Abstract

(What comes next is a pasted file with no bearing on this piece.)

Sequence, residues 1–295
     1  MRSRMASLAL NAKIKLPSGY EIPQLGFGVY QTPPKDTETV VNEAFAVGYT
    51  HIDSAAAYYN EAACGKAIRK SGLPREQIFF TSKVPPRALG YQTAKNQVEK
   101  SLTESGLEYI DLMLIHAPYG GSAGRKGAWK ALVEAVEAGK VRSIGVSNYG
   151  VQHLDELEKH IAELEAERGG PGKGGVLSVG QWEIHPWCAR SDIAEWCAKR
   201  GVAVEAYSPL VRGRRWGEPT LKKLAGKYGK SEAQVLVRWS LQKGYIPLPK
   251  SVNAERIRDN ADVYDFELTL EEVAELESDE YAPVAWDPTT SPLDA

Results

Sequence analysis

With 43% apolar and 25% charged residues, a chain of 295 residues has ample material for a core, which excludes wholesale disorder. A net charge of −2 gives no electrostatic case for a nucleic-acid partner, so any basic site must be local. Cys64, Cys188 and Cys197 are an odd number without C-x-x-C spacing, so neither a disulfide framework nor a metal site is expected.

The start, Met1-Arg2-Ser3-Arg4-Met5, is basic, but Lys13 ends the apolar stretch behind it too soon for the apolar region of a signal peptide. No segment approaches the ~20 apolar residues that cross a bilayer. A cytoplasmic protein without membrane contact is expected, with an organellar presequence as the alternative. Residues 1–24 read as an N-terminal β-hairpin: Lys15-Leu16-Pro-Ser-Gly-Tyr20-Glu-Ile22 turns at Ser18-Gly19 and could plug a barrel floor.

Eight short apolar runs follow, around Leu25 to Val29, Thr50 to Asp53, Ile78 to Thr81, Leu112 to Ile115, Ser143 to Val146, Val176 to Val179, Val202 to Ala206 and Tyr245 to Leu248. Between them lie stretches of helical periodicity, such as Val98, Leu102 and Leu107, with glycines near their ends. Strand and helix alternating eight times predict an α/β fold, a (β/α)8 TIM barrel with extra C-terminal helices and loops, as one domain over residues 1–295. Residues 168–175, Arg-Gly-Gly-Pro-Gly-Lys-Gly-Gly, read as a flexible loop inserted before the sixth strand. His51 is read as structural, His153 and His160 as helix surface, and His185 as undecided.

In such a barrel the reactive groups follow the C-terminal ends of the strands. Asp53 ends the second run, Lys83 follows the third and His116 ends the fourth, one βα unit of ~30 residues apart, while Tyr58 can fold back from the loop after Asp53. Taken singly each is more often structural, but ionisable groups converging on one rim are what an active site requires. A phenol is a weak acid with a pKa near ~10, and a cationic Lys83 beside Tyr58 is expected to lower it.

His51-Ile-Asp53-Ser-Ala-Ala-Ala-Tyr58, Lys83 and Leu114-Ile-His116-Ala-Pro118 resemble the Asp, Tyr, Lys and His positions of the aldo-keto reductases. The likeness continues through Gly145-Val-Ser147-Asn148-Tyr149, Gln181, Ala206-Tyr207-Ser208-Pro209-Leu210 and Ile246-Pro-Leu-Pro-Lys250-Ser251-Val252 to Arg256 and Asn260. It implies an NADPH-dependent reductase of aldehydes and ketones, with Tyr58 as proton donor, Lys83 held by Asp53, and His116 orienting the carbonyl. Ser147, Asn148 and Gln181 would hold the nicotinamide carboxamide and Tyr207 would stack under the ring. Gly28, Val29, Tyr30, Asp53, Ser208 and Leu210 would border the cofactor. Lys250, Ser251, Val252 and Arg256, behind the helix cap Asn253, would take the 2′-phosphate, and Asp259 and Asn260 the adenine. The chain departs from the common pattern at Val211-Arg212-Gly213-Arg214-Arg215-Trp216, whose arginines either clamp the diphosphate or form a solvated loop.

BIRPS has acquired two deep seismic reflection profiles across the Walls Boundary Fault, a major late Caledonian strike-slip fault that is probably the northern continuation of the Great Glen Fault of Scotland. Where crossed by the SHET deep seismic survey north of the Shetlands, the Walls Boundary Fault appears to be a narrow vertical structure which penetrates the entire crustal thickness and juxtaposes crusts of different thicknesses. The seismic data show a Moho offset in travel-time of 1.0–1.5 seconds and two high-amplitude diffractions originating at Moho travel-times. These diffractions are, as yet, unique among seismic data across strike-slip faults and can be used to argue that the Moho is offset in depth by 2–3 km over a lateral distance of less than 6 km. Seismic modelling is used to constrain this interpretation. The preservation of this Moho topography suggests that the structure and rheology of the lower crust of the Shetland Platform was not significantly modified during post-Devonian extension of the North Sea and Atlantic margin.

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